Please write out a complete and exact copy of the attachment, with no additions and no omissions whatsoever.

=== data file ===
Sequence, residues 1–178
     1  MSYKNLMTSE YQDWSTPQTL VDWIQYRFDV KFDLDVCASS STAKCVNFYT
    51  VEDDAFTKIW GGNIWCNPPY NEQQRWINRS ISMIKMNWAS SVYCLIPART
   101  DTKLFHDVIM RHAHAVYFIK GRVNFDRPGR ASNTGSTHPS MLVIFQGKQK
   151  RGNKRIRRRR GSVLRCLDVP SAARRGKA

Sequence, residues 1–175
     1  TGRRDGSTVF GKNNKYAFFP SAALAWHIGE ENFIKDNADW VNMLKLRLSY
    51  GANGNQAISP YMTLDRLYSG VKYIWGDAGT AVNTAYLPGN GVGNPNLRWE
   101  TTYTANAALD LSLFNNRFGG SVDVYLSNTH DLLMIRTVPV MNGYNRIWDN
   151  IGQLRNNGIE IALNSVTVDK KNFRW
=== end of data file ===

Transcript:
Sequence, residues 1–178
     1  MSYKNLMTSE YQDWSTPQTL VDWIQYRFDV KFDLDVCASS STAKCVNFYT
    51  VEDDAFTKIW GGNIWCNPPY NEQQRWINRS ISMIKMNWAS SVYCLIPART
   101  DTKLFHDVIM RHAHAVYFIK GRVNFDRPGR ASNTGSTHPS MLVIFQGKQK
   151  RGNKRIRRRR GSVLRCLDVP SAARRGKA

Sequence, residues 1–175
     1  TGRRDGSTVF GKNNKYAFFP SAALAWHIGE ENFIKDNADW VNMLKLRLSY
    51  GANGNQAISP YMTLDRLYSG VKYIWGDAGT AVNTAYLPGN GVGNPNLRWE
   101  TTYTANAALD LSLFNNRFGG SVDVYLSNTH DLLMIRTVPV MNGYNRIWDN
   151  IGQLRNNGIE IALNSVTVDK KNFRW